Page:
KUALA LUMPUR, July 8 — Jemaah Islamiah (JI), the South-east Asian terror network once associated with al-Qaeda that was behind the 2002 Bali bombings, is back and poses a renewed threat in the region.
With members steeped in extremist doctrine and regarded as better trained than the al-Qaeda, the group has found new financial stability with steady income generated from the palm oil industry and a score of private religious schools to revive its militant activities that will likely include reviving its cells in Malaysia and Singapore, the South China Morning Post (SCMP) reported yesterday.
Bukit Aman’s Special Branch Counter Terrorism Division principal assistant director Datuk Ayob Khan Mydin Pitchay said there has not been any signal to date that the JI is planning attacks against Malaysia.
“We have destroyed JI activities since the end of 2001. However, JI is expected to become active again especially if Abu Bakar Bashir is released from prison,” he told the Hong Kong daily, referring to the network’s former leader and hardline Indonesian cleric Abu Bakar Bashir.
“For now, there is no indication to show that JI is planning any attacks in Malaysia or that JI Indonesia is recruiting Malaysians,” Ayob was quoted saying.
Noor Huda Ismail, a visiting fellow at Nanyang Technological University, told SCMP that while JI is similarly a defunct organisation in Singapore, its ideology still has supporters there.
He too warned that a resurgent JI in Indonesia could revive cells in Singapore.
“And I am not being an alarmist here.”
Retired Indonesian police inspector-general Benny Mamoto who had investigated JI for over 10 years told SCMP that the current brains in JI and the person responsible for the terror outfit’s financial success is Para Wijayanto, 54, who was a fugitive since 2003.
SCMP reported Indonesian police disclosing the discovery of JI-owned palm oil plantations, which generate a hefty income, enabling the terror organisation to pay its “officers” a monthly wage of between 10 and 15 million rupiah following the arrest of Para, his wife and three associates last Monday.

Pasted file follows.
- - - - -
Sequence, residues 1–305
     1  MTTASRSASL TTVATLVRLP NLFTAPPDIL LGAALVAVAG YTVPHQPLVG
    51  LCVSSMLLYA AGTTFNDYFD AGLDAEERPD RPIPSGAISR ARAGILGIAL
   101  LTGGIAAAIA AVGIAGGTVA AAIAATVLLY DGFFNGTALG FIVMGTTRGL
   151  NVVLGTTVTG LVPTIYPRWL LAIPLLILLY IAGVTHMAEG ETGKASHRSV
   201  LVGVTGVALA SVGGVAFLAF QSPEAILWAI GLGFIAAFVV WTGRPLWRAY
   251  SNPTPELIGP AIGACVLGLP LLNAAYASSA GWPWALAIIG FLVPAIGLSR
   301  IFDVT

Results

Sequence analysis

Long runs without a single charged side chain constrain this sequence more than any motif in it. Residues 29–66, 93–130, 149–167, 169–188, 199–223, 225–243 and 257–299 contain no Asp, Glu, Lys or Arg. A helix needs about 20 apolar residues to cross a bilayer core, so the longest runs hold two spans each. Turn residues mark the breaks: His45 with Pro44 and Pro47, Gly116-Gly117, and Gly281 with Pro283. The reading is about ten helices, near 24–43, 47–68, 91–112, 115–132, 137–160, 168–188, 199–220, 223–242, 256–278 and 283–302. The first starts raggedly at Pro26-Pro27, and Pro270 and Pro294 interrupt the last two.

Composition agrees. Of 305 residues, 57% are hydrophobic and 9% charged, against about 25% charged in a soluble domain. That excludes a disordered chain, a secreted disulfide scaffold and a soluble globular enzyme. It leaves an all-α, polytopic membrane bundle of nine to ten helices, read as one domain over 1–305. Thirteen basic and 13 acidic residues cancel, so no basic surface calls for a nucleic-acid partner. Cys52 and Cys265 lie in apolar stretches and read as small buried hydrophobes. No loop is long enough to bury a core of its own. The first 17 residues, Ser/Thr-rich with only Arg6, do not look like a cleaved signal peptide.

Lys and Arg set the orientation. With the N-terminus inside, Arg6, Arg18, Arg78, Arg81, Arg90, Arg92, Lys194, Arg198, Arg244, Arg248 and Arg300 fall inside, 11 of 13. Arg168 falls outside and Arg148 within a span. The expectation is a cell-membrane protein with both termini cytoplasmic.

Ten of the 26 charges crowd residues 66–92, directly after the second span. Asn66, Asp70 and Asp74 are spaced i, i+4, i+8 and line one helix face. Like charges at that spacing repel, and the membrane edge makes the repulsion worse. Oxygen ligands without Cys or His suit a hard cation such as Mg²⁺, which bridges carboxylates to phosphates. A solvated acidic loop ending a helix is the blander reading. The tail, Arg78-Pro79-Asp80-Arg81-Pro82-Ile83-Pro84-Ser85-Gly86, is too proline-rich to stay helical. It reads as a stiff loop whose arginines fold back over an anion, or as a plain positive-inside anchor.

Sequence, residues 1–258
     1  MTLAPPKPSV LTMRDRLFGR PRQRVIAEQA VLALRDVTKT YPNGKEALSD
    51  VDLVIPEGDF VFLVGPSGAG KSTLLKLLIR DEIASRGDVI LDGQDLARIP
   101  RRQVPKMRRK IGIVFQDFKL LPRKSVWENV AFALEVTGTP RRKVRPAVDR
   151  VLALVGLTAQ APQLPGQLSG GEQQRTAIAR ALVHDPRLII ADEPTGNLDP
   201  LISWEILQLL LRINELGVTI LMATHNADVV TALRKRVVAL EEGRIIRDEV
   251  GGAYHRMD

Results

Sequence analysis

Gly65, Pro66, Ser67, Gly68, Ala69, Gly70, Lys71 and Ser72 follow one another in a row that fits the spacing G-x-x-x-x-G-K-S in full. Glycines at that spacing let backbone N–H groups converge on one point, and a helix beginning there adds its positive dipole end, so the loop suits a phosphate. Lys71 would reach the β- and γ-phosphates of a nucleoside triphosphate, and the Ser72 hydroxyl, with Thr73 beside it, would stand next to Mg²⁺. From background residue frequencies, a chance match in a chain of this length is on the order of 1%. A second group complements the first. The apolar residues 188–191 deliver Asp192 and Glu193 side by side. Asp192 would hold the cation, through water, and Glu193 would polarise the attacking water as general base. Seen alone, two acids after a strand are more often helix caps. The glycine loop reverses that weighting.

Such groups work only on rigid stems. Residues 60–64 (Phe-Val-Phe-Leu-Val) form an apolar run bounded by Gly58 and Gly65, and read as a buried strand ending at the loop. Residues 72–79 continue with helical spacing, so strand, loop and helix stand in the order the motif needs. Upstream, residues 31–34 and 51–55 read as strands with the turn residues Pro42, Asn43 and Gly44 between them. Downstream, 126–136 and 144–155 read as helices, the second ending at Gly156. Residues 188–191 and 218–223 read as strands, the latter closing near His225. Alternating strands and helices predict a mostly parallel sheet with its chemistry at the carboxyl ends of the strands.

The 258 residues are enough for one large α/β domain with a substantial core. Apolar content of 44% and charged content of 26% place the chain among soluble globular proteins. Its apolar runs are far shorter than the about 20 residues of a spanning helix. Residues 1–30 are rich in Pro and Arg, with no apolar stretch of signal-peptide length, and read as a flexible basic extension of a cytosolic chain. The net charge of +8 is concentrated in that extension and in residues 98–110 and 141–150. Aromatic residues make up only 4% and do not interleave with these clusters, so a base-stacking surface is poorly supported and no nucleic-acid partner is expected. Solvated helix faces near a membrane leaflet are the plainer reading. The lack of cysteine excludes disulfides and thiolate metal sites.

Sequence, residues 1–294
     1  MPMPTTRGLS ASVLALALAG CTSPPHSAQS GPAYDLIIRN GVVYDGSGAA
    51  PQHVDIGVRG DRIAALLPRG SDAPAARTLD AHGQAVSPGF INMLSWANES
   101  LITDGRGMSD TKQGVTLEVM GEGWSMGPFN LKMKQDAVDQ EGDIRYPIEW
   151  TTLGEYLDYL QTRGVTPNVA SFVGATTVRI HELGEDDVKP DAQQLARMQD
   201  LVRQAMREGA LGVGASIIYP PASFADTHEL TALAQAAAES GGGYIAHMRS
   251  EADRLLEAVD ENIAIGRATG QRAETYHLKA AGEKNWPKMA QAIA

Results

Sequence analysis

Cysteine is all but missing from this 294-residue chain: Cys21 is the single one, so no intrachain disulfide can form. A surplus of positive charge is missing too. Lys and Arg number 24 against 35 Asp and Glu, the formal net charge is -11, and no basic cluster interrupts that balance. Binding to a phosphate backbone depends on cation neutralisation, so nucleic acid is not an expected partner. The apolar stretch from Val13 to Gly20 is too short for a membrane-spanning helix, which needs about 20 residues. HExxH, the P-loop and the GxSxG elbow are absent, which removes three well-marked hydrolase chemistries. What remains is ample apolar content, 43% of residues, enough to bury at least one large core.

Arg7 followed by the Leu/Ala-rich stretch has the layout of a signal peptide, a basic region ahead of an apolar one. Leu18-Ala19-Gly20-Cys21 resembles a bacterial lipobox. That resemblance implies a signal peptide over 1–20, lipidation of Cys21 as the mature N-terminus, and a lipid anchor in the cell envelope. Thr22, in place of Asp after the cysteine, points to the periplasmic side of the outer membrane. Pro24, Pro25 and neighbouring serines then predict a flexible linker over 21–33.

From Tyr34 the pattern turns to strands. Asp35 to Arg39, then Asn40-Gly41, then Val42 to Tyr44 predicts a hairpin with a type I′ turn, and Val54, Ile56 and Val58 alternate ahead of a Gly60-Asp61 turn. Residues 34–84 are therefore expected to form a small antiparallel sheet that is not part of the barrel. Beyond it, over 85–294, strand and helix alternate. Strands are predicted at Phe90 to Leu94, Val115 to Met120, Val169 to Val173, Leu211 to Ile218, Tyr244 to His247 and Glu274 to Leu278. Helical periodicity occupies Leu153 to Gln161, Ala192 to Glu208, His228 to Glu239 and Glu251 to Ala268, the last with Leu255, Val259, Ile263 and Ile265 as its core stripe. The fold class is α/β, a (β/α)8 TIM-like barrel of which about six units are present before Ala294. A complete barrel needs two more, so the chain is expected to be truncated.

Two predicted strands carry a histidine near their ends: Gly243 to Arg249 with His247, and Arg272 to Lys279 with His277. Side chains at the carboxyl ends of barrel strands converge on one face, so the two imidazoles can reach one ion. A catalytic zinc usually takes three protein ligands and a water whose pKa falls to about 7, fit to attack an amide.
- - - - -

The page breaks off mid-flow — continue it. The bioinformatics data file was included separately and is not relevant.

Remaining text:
“With large funds, the threat from JI will increase as this means it will be able to carry out all kinds of activities,” Mamoto, now the vice-director of Strategic and Global Studies at the University of Indonesia, was quoted saying.
In the past, JI relied on donations and armed robberies to raise funds for amassing weapons, explosives and logistics for their terror attacks.
Citing the Indonesia based research outfit; the Institute for Policy Analysis of Conflict, SCMP reported that at the height of its notoriety back in 2005, JI was so poor, that it was unable to support the families of its militant members who were caught and jailed.
Sofyan Tsauri, a former al-Qaeda member, told SCMP that JI’s capital raising efforts has been a long time in the making. He claimed the group invested in various projects, including a profitable cattle farm located in Sukabumi, West Java, which was started by Dulmatin, a senior JI leader who played a key role in the 2002 Bali bombings but was killed by Indonesian police in Jakarta nine years ago.
Tsauri told SCMP that JI also draws on revenue generated through the fees charges at the more than 60 religious boarding schools, kindergartens, primary, secondary and high schools it opened in Indonesia.
The schools which is reportedly attended by rich and working class Indonesians also serves as a pool for JI to scout out students “with potential”, according to the SCMP report.
At its height in the early 2000s, JI’s network covered Indonesia, Malaysia, Singapore, the Philippines and Australia.
The five countries were all grouped under regional divisions called Mantiqi or regional division, SCMP reported, with the Malaysian cell seen as the hub for JI’s international connections.